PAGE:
Google Applications Premier Edition Are Under Attack

September 11th, 2007 at 12:00 am
 


It has been rumored for a while that Google will be releasing an ecnterprise version of their Google Apps ofice suite. Today they have confirmed that decision by teaming up with CapGemini, an IT systems consultatino company. These actions have struck quite a nerve for major players in the online and offlince office business.

Zimbra for one has sent messages to Mashable and Read/Write Web explaining how Google Apps Premiere Edition cannot be used by enterprises:

“Google’s deal with Cap Gemini today definitely raises visibility for the SaaS market. However, the pair face a challenge: since all Google Docs are stored on Google’s servers, public companies would face big Sarbanes-Oxley compliance issues if they deployed Google Apps. Zimbra’s Web 2.0 messaging and collaboration platform provides enterprise customers with freedoms that Google Apps just can’t provide, including the ability to archive for compliance purposes. They can use Zimbra as a hosted service or deploy it on-site. They can use it online or offline while retaining killer AJAX functionality. They can offer their employees access from any desktop, Web, or mobile client.”

In short they just want to say that Google Apps suck and they have a better office suite.


On the other hand, and most surprising, Microsoft has reacted with unexpected defensiveness going as faar as enumerating 10 reasons why Google Apps cannot replace their MSOffice suite for Enterprise use. The list was made by their "corporate spokesperson" Mary Jo Foley and sent to various blogs.

1. Google touts having enterprise level customers but how many “USERS” of their applications truly exist within the enterprise?

2. Google has a history of releasing incomplete products, calling them beta software, and issuing updates on a “known only to Google” schedule – this flies in the face of what enterprises want and need in their technology partners – what is Google doing that indicates they are in lock step with customer needs?

3. Google touts the low cost of their apps –not only price but the absence of need for hardware, storage or maintenance for Google Apps. BUT if GAPE is indeed a complement to MSFT Office, the costs actually become greater for a company as they now have two IT systems to run and manage and maintain. Doesn’t this result in increased complexity and increased costs?

4. Google’s primary focus is on ad funded search. Their enterprise focus and now apps exist on the very fringe and in combination with other fringe services only account for 1% of the company’s revenue. What happens if Google executes poorly? Do they shut down given it will them in a minimal and short term way? Should customers trust that this won’t happen?

5. Google’s apps only work if an enterprise has no power users, employees are always online, enterprises haven’t built custom Office apps – doesn’t this equal a very small % of global information workers today? –On a feature comparison basis, it’s not surprising that Microsoft has a huge lead.

6. Google apps don’t have essential document creation features like support for headers, footers, tables of content, footnotes, etc. Additionally, while customers can collaborate on basic docs without the above noted features, to collaborate on detailed docs, a company must implement a two part process – work together on the basic doc, save it to Word or Excel and then send via email for final edits. Yes they have a $50 price tag, but with the inefficiencies created by just this one cycle, how much do GAPE really cost – and can you afford the fidelity loss?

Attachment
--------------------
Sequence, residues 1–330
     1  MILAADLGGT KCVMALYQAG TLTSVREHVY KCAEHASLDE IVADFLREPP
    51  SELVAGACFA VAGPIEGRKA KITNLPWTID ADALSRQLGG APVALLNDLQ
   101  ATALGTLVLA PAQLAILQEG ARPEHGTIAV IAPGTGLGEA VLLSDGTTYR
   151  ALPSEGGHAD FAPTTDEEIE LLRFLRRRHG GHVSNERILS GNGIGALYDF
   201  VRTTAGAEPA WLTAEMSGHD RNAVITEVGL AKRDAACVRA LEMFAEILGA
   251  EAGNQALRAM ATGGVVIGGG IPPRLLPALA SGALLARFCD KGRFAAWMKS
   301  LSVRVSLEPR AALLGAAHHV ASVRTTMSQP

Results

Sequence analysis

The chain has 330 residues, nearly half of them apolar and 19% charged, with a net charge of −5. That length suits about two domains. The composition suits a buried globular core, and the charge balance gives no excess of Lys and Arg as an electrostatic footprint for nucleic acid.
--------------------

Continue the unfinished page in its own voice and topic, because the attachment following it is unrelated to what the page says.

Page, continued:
7. Enterprise companies have to constantly think about government regulations and standards – while Google can store a lot of data for enterprises on Google servers, there is no easy to use, automated way for enterprises to regularly delete data, issue a legal hold for specific docs or bring copies into the corp. What happens if a company needs to respond to government regulations bodies? Google touts 99.9% uptime for their apps but what few people realize that promise is for Gmail only. Equally alarming is the definition Google has for “downtime” – ten consecutive minutes of downtime. What happens if throughout the day Google is down 7 minutes each hour? What does 7 minutes each hour for a full work day that cost an enterprise?

8. In the world of business, it is always on and always connected. As such, having access to technical support 24/7 is essential. If a company deploys Google Apps and there is a technical issue at 8pm PST, Sorry. Google’s tech support is open M-F 1AM-6PM PST – are these the new hours of global business? And if a customer’s “designated administrator” is not available (a requirement) does business just stop?

9. Google says that enterprise customers use only 10% of the features in today’s productivity applications which implies that EVERYONE needs the SAME 10% of the feature when in fact it is very clear that in each company there are specific roles people play that demands access to specific information – how does Google’s generic strategy address role specific needs?

10. With Google apps in perpetual beta and Google controlling when and if they rollout specific features and functionality, customers have minimal if any control over the timing of product rollouts and features – how do 1) I know how to strategically plan and train and 2) get the features and functionality I have specifically requested? How much money does not knowing cost?

Quite a list from the leading provider of office software.

Whatever it is Google is doing, they are probably on the right path to domination of the office market.  With the list and comments given to them by their competition, it might be easier to launch a better product that will topple Microsoft and Zimbra over.